• Published 19th Jun 2012
  • 1,757 Views, 155 Comments

Cutting Ties - fic Write Off

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It seemed that seven failed attempts at what the brothers referred to as “aggressive entrepreneurship” was one too many for the younger to bear. They had made their departure from Maretinsville in defeat but in high spirits, the familiar thrill of a crowd’s first enraptured reaction to the SSCS6K only as distant as the next town that happened to have an apple orchard. But as the Super Speedy Cider Squeezy 6000 made its way along a dilapidated cobblestone road to nowhere in particular, Flam faced a novel question from his brother.

“See here, brother of mine. What’re we going to do with this confounded contraption?”

Flam stared straight ahead. “Whatever do you mean, Flim? The SSCS6K is a top-class machine. Why, it’s positively state of the art!”

“Now don’t you try to pull the wool over my eyes, Flam. Ever since that quality control gizmo broke we haven’t had a hint of success with this thing.”

Flam turned to his brother and immediately took note of his unsettled brow. “Don’t you worry, Flim. We’ll make do. Nopony in all of Equestria can make cider faster than this here work of art.”

“But what good is super speedy if no one will pay for the cider squeezy, brother? Don’t you think we’ve carried this one on a little too long?”

Flam reached up and ran his hooves along either side of his mustache. “What else would you have us do, Flim? I’m all ears.”

“We aren’t colts anymore, Flam. What would be so bad about getting real salespony jobs?”

The contraption screeched to a halt. “What are you saying, brother?” asked Flam.

“I’m saying I mean to find another line of work.” The steel in Flim’s voice made the hairs on Flam’s neck stand on end. “I’m through selling this awful cider.”

Flam leaned towards his brother in his seat and crossed his front legs in front of his striped boating blazer. “You mean to tell me you’re putting the kibosh on the World-Famous Flim Flam Brothers? Just like that, Flim?”

“Just like that, Flam,” said Flim with no hesitation. “I’ve thought it through, and I’ve had enough.”

“You’re just going to leave your dear brother in the lurch, Flim?”

“You know, dear brother of mine, you could always find a real job yourself.”

“A ‘real’ job.” Flam snorted, ruffling his mustache. “And what, pray tell, do we have right now, Flim? Because from this traveling salespony’s perspective, you seem to be making the insinuation that we’ve just been wasting our time with the SSCS6K.”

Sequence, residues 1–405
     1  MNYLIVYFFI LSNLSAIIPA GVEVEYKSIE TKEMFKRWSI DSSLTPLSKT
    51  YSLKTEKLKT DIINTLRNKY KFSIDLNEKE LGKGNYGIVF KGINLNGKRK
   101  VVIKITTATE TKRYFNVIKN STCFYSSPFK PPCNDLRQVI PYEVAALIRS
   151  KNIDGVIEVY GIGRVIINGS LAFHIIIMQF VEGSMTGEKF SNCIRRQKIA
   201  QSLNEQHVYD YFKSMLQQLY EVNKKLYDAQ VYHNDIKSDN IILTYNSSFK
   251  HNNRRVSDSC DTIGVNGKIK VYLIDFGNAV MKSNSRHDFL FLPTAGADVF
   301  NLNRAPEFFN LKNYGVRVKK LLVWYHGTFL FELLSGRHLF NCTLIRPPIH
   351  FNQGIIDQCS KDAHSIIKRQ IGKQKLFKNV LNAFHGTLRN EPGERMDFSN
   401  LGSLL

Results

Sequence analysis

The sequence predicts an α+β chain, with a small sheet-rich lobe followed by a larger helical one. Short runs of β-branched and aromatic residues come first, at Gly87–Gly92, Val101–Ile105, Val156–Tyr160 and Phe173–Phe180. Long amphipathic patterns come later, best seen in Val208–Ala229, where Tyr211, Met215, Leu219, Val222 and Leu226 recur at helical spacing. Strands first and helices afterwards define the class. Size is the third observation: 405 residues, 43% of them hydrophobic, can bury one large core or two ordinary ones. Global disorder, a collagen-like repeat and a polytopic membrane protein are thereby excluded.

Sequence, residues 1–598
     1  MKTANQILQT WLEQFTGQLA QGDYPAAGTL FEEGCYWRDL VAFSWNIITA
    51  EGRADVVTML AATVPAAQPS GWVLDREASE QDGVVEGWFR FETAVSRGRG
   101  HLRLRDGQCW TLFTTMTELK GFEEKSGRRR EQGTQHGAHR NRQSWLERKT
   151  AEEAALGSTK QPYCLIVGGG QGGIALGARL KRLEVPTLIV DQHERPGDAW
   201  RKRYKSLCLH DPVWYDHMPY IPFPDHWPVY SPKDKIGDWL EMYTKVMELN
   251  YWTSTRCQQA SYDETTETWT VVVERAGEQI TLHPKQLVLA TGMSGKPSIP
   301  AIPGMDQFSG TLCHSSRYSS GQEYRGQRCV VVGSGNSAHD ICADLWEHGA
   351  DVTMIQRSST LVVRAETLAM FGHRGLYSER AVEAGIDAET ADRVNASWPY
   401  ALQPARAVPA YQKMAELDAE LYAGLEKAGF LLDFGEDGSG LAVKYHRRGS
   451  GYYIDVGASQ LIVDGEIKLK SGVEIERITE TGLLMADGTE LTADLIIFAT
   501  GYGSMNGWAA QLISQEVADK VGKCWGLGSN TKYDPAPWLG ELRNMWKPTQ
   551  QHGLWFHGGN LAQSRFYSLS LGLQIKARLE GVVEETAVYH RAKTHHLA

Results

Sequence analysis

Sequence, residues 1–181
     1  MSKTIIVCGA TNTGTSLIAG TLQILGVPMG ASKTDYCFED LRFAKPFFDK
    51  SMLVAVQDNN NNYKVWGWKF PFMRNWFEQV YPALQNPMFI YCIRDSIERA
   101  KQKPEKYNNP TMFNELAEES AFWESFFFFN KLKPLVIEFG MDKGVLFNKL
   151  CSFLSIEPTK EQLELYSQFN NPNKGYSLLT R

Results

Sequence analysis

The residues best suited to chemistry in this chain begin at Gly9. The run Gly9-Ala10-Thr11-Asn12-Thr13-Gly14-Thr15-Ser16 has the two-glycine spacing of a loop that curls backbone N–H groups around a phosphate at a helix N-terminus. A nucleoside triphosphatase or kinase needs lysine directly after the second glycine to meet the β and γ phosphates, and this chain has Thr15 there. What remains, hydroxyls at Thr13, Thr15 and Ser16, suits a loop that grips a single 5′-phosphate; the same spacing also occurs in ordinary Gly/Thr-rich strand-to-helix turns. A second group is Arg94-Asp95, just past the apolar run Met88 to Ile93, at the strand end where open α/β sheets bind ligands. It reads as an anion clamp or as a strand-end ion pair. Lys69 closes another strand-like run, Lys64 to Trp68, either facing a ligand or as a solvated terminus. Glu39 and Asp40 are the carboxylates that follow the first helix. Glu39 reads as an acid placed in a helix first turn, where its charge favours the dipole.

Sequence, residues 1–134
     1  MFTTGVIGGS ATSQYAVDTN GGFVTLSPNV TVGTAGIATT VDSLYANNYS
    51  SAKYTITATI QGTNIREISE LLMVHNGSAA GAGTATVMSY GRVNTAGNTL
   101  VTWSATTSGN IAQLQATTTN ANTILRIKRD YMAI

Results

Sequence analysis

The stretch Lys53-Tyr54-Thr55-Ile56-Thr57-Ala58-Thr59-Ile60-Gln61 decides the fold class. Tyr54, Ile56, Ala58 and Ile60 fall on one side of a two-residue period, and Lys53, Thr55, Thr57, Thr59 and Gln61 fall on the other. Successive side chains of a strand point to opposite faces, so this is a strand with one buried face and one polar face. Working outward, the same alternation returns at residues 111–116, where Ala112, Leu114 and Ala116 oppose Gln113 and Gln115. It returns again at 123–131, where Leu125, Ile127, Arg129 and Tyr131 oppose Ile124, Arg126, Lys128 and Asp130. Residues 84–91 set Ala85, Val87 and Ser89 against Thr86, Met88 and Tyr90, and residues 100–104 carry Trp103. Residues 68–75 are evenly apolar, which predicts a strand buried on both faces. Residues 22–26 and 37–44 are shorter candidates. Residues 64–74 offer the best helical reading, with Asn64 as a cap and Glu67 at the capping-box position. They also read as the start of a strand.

“Oh, I’m not insinuating anything,” retorted Flim. “And I’m not just talking about this one, either. Remember that Neighjing Tea Scam, Flam? How about when we tried selling fake timeshares in Canterlot Castle? How many bits did we make with those harebrained schemes? Those were all your bright ideas.”

“Now you listen here,” Flam demanded, shaking his hoof in Flim’s face.

“Not to mention back in Ponyville. Doubling the power? Turning off the quality control gizmo?” Flim rolled his eyes. “Some job of taking us legit you did there.”

“Don’t you go blaming me for Ponyville, Flim! You could just as easily have stopped me! And how was I supposed to know it wouldn’t turn on again if we turned it off?”

“Oh, I don’t know, Flam, maybe because you were the one who designed this ridiculous doohickey in the first place!”

The blood rushed to Flam’s face. “Hey, I’m not keeping you hostage here! You want to go work for some big company, selling cutlery or model ships? Be my guest! All the more for me when I finally hit the big score, brother.”

Flim shook the pork-pie hat from his head. “You know what, Flam? That just might have been your best idea yet.” Then he took to his hooves and hopped out of the SSCS6K. His horn flared, and a pair of barber’s shears floated out from under his blazer, wedging one sharp end between his neck and its black bowtie before snapping shut and sending the neckwear streaking down to the cobblestone.

Flam watched his brother trot back towards Maretinsville with his mouth agape. He was by far the better poker player, and yet Flim—the younger of the two, if only by five minutes—had called his big brother’s big bluff.

“No matter, Flam,” he said to himself. “It may have been a bluff, but the reasoning was sound, old pal. All we need is one big score. Just one.” Flam fired a bolt of green energy at the SSCS6K’s antenna, and the machine jerked forward towards nowhere in particular at half speed.

The World-Famous Flim Flam Brothers were a classic duo: though born as identical twins, they were far from carbon-copies of one another. Each had their own strengths that complemented the other’s nicely. Flam was creative and inventive, and most of the pair’s schemes, harebrained or ingenious, sprang from his rapidly churning mind. But while Flam was a perfectly serviceable salespony, Flim’s skills of persuasion were truly nonpareil. His roguish charm and guile allowed him to draw even the most stubborn and curmudgeonly of ponies into friendly conversation when he wanted to. And by the time Flim fully engaged his mark, they were as good as stung.